Other highlights include Naylor’s Edie Brickell like singing of "Father Christmas," the original track, "Christmas Ain’t What It Used To Be," and "Have Yourself a Merry Little Christmas." Jon Evans’s acoustic bass vibes and Khu’s gentle caressing of the piano keys, provide the perfect accompaniment for another pretty performance by Naylor.

]]> (Joe Montague) Jazz Vocals - CD Reviews Fri, 25 May 2007 07:00:00 -0500
Jacintha Goes To Hollywood by Jacintha Jacintha Goes To Hollywood by Jacintha
Music and movies have always formed a good marriage, because both evoke memories. Sometimes those recollections are joyous reminders of romantic relationships, or specia…

Music and movies have always formed a good marriage, because both evoke memories. Sometimes those recollections are joyous reminders of romantic relationships, or special occasions, while at other times, they may be sadder memories. Movies and music may also cause us to recall periods of our life, or phases that we were going through. Malaysian artist Jacíntha, appearing on the Groove Note label, recently teamed up with producers Joe Harley and Ying Tan, to release the CD Jacíntha Goes To Hollywood, featuring several memorable hit songs, from movies such as The Italian Job, Butch Cassidy and The Sundance Kid, Alfie, The Thomas Crown Affair, The Man Who Knew Too Much, and Chinatown.

The label has surrounded Jacíntha with an outstanding cast of musicians, who for the most part provide a gauzy backdrop for the singer’s gentle and elegant vocals. The mood for this fine album is set early when Howlett Smith whistles in the laid back "On Days Like These," originally sung by Matt Monro for the 1969 film The Italian Job. In addition to possessing outstanding vocals, Jacíntha has one of those voices that sounds pleasant, and endears the vocalist to you immediately. She’s not seductive or flirtatious, but she is definitely charming and romantic. The producers achieved a simple, vintage sound for this CD by recording it in analogue.

If you are going to cover a song, particularly a well know tune, you had better bring something different to the recording, or the listener might as well save his or her money, and purchase the CD or soundtrack by the original artist. Jacíntha, the producers, as well as the arrangers Anthony Wilson and Iskandar Ismail, bring new arrangements and elegance to "Raindrops Keep Falling On My Head," a song we are used to hearing as a more up-tempo melody.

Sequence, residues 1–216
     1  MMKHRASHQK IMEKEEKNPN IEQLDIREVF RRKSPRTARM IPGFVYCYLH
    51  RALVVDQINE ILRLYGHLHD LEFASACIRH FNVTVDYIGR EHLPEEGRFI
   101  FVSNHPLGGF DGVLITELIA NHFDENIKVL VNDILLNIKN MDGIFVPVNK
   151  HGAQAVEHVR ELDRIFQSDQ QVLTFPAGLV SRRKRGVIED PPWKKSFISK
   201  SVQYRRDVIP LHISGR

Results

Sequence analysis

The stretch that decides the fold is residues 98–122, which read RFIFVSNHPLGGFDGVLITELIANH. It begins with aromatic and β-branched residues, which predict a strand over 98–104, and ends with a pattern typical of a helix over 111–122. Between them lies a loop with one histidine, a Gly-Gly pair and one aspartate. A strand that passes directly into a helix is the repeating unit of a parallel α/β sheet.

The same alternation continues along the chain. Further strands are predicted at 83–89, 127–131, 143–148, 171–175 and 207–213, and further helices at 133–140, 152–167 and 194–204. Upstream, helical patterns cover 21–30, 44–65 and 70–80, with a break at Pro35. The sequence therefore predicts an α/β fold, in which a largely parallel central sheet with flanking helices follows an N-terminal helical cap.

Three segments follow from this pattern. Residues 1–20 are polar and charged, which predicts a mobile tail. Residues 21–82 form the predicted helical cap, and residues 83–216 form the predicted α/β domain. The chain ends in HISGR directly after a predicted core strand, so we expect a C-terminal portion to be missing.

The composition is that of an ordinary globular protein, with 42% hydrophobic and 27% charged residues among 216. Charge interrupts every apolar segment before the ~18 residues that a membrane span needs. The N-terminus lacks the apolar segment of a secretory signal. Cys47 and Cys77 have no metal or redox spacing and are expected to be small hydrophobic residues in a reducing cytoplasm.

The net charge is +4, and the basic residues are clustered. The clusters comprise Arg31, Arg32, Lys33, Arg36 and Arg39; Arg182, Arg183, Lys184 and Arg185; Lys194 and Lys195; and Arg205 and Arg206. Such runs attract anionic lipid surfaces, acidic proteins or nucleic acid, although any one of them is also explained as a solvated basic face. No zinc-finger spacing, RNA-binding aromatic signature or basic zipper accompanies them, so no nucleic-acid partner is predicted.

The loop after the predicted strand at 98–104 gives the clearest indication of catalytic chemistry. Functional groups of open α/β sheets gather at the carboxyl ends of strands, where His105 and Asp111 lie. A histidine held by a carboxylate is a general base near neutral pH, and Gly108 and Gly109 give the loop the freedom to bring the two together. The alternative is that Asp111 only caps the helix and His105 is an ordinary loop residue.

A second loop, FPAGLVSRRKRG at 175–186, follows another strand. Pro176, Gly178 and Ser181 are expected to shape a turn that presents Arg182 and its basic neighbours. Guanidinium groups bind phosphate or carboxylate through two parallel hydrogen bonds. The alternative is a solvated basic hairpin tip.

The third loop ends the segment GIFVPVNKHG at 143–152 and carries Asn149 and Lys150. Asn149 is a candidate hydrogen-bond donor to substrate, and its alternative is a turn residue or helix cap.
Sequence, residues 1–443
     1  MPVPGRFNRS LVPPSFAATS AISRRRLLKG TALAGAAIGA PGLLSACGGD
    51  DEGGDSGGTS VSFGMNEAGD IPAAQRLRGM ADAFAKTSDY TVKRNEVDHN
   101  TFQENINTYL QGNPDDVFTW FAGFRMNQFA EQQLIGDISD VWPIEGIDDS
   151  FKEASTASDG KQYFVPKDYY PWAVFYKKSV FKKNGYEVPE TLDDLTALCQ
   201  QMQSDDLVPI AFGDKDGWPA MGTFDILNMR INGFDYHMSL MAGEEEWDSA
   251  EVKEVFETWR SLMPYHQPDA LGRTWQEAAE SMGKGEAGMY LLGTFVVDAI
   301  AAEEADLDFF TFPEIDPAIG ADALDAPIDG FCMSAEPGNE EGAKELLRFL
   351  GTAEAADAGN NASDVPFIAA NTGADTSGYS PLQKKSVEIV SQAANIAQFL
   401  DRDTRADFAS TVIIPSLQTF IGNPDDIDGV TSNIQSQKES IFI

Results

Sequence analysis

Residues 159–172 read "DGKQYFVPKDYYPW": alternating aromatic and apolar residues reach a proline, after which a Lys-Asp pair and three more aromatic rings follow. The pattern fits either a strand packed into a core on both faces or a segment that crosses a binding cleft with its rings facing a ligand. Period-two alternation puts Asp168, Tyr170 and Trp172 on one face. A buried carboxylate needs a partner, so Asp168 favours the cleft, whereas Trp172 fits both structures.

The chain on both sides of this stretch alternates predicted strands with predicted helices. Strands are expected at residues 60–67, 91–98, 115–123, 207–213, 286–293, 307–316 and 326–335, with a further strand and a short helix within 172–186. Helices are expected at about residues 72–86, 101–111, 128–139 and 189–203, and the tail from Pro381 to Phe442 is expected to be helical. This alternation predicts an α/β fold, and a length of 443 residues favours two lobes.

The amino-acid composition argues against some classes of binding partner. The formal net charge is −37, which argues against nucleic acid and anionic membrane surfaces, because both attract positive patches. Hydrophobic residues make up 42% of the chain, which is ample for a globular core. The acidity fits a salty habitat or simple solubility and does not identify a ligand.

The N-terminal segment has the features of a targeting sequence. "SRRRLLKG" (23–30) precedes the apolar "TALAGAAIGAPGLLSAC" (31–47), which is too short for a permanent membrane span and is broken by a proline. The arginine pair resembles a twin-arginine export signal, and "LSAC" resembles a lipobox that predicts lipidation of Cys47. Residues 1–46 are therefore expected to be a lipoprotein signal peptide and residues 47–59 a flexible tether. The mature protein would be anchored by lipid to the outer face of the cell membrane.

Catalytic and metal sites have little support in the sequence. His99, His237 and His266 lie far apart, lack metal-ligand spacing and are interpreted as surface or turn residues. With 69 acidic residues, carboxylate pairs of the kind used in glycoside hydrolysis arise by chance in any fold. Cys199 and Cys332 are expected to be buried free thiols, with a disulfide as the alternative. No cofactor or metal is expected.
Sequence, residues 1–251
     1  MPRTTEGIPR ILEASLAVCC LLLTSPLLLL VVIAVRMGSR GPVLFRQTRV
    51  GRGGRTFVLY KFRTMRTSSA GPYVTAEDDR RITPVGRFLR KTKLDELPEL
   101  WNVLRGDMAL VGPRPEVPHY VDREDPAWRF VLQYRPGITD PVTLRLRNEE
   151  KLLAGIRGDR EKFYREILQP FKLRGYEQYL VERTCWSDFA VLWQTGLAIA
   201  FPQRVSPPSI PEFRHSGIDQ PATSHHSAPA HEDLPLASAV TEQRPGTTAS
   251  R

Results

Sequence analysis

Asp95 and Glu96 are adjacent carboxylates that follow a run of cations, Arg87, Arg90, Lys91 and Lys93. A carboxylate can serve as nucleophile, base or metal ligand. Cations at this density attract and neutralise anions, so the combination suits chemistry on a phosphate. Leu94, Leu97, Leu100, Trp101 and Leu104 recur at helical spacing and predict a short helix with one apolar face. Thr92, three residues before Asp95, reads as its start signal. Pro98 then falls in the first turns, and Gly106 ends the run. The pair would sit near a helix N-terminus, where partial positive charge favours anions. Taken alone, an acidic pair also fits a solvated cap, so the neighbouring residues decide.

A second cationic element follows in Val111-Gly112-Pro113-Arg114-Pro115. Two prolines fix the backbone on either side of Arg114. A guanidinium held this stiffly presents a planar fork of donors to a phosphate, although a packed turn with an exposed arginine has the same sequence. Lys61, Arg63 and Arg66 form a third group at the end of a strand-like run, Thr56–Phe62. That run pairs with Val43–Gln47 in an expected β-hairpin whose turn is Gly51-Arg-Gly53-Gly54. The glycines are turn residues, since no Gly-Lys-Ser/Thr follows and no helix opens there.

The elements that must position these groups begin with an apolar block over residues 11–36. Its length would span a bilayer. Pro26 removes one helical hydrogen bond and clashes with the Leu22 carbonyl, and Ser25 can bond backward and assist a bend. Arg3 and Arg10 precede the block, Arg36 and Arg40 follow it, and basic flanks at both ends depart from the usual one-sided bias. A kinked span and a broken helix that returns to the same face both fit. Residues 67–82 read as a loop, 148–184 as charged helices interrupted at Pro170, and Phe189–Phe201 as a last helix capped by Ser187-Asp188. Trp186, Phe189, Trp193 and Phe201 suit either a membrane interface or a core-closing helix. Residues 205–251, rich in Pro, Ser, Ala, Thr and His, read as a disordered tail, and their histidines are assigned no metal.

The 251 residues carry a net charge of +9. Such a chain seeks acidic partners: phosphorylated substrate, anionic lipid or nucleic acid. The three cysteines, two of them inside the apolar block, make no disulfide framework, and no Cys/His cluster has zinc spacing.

Throughout Jacíntha Goes To Hollywood, Ismail delivers some very graceful piano chops that enhance the music, and provide the perfect accompaniment for the singer. He is at his best in the song "Alfie," from the movie of the same name.

At first glance, it would appear that the CD is a little light on tracks with only nine songs; however, six of those tunes exceed five minutes in length, with one of them being over six minutes long. At 47:29, the album is about the length it should be without the artist giving away more songs than she should, and leaving the listener with fair value for their money. More importantly, there is not a wasted track on this CD, whereas there are plenty of recordings out there that may have twelve or fourteen tracks that we wish only had half as many.

It is always difficult to be objective about an artist who covers a song that is one of your favorites, as is the case with "California Dreaming," a song that I have always loved. Written by John Phillips and Michelle Phillips, and performed by them as part of the sixties group The Mamas and The Papas, "California Dreaming," went all the way to # 4 on the US charts in 1965. While the original recording was a swinging pop hippie tune, Jacíntha serves up very mellow vocals, and Larry Goldings infuses the song with some very good Hammond B3 chords.

Of all the songs on this disc, "A Man And A Woman," probably most closely resembles the original. That being said, Jacintha’s vocal are perfectly suited for the song, and the songbird sparkles.

If you are looking for some romantic music for New Year’s Eve pick up a copy of Jacintha Goes To Hollywood, then turn the lights down low.

]]> (Joe Montague) Jazz Vocals - CD Reviews Fri, 25 May 2007 01:00:00 -0500
The Toys Of Men by Stanley Clarke The Toys Of Men by Stanley Clarke
Stanley Clarke has long been considered a musical genius and his new CD The Toys Of Men only serves to enhance that notion. The composer and musician extraordinai…

Stanley Clarke has long been considered a musical genius and his new CD The Toys Of Men only serves to enhance that notion. The composer and musician extraordinaire who is considered to be one of the innovators of jazz fusion and invented the piccolo and tenor bass instruments, opens the 13 track album The Toys Of Men with the title track, a composition consisting of six movements. Thematically "The Toys Of Men" poses hard questions concerning what happens if someone gives the order to launch nuclear missiles. Clarke’s voice introduces the first movement "Draconian" with a countdown to launch. Just as another Clarke (author Arthur C.) did more than three decades ago with his book and screenplay 2001 A Space Odyssey, from which sprang the Stanley Kubrick film of the same name, Stanley Clarke leaves us in wonderment and with unanswered questions (Wow, that’s a whole lot of Stanley’s and a lot of creative genius).